Before Star Wars, sci-fi movies had always used Earth as a reference point. But Lucas threw that out of the window and gave his audience things they had never seen or imagined before. The only problem was that the technology required to create the space scenes hadn't been invented yet.

So Lucas founded Industrial Light and Magic (ILM), a company that remains at the cutting edge of special effects today.

ILM gave us Pixar, and even Photoshop, the graphics programme used by many artists and designers today.

Star Wars brought back the iconic opening score, which, instead of being played over the names of the actors and crew, was played as the script with the now famous "In a galaxy, far far away" rolled up the screen.

John Williams composed the score, which was played by the London Philharmonic. It went on to win many awards, including an Oscar, and led to the rebirth of orchestral film music.

The film also led to a rebirth of the Wilhelm scream - a sound effect that has been repeated often in films since; look it up for extra nerd points.

Speaking of sound, Star Wars was among the first movies to use Dolby Stereo (a long time ago, in a galaxy far far away, people saw movies where all the sound came from the front) and it was so successful that it encouraged smaller cinemas to convert to the system.

Staff writer

The wise Yoda.
Photo: AP

When George Lucas' Star Wars first landed in 1977, some critics were swept away, while others resisted the tide. A sampling:


"Star Wars ... is the writer-director George Lucas' own film, subject to no interference, yet it's a film that's totally uninterested in anything that doesn't connect with the mass audience.

There's no breather in the picture, no lyricism; the only attempt at beauty is in the double sunset.

It's enjoyable on its own terms, but it's exhausting, too: like taking a pack of kids to the circus ... It's an epic without a dream."
Pauline Kael, The New Yorker

Thumbs Up

"Star Wars taps the pulp fantasies buried in our memories, and because it's done so brilliantly, it reactivates old thrills, fears, and exhilarations we thought we'd abandoned when we read our last copy of Amazing Stories."
Roger Ebert, Chicago Sun-Times

Overwhelming banality

"Strip Star Wars of its striking images and scientific jargon, and you get a story, characters, and dialogue of overwhelming banality, without even a "future" cast to them.

Human beings, anthropoids, or robots, you could probably find them all, more or less like, that, in downtown Los Angeles today ... O dull new world!"

John Simon, New York magazine


"Star Wars ... is the most elaborate, most expensive, most beautiful movie serial ever made ...

One of Mr Lucas' particular achievements is the manner in which he is able to recall the tackiness of the old comic strips and serials he loves without making a movie that is, itself, tacky."

Vincent Canby, New York Times


"The only way that Star Wars could have been interesting was through its visual imagination and special effects. Both are unexceptional ... I kept looking for an 'edge', to peer around the corny, solemn comic-book strophes.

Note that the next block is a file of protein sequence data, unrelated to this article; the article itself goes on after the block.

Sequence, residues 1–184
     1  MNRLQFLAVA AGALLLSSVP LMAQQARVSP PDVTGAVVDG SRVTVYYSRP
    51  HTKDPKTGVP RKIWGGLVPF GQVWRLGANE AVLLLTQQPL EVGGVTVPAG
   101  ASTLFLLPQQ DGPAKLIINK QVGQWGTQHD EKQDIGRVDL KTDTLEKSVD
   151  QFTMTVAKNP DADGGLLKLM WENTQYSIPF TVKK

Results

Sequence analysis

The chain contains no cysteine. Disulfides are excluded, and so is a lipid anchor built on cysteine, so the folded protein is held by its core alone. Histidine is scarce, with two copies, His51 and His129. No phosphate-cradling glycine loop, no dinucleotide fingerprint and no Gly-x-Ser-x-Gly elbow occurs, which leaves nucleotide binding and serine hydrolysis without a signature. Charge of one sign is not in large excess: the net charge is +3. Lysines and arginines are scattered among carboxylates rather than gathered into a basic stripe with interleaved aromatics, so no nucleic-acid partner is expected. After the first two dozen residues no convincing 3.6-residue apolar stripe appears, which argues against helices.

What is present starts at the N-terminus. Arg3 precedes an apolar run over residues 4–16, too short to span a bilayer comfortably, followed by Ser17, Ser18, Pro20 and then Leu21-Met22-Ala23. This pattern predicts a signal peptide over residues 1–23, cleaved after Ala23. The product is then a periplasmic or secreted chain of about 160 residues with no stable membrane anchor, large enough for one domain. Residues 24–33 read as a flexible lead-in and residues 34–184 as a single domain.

"This picture was made for those [particularly males] who carry a portable shrine within them of their adolescence."

Stanley Kauffman, the New Republic

Rip-roaring gallop

"Star Wars is Buck Rogers with a doctoral degree ... a slam-bang, rip-roaring gallop through a distantly future world full of exotic vocabularies, creatures and customs ... with the boy and girl next door and a couple of friendly leftovers from the planet of the apes and possibly one from Oz - a Tin Woodman robot.

Charles Champlin, Los Angeles Times

C-3PO puts his footprints in cement in Los Angeles.
Photo: AP


Anyone who doesn't find the film entertaining is either lying or should be locked up.

South China Morning Post film reviewer Noel Parrott

The cultural influence of the six Star Wars films, plus the novels, comics, television shows, games, toys, spoofs and documentaries linked to "Star Wars", is such that, in the 2001 United Kingdom census, some 390,000 people stated their religion as Jedi, making it the fourth largest religion surveyed.

As for depth of plot line, Star Wars certainly didn't open new territory. "The story of Star Wars could be written on the head of a pin and still leave room for the Bible," said critic Vincent Canby of The New York Times.
Ted Kemp, CNBC

Star wars wasn't just one story. It was a universe full of stories.

"Always remember, your focus determines your reality."
George Lucas

Bonus Point

4.4 billion- Gross earnings in US dollars for the six-film Star Wars saga worldwide (so far ...)


Culture (noun)
Meaning: the ideas and artistic values of a particular time or place
Use it: Star Wars quotes are used all the time in popular culture.

Cultural (adjective)
Meaning: related to arts or customs of a particular society
Use it: Having more female roles in the new Star Wars films reflects a cultural change from the past few decades.

Cultured (adjective)
Meaning: having refined taste and good education
Use it: She thinks just because she's never seen Star Wars that makes her cultured and we're all just nerds - but she's missing out because Star Wars is awesome!

This article appeared in the Young Post print edition as
Force explained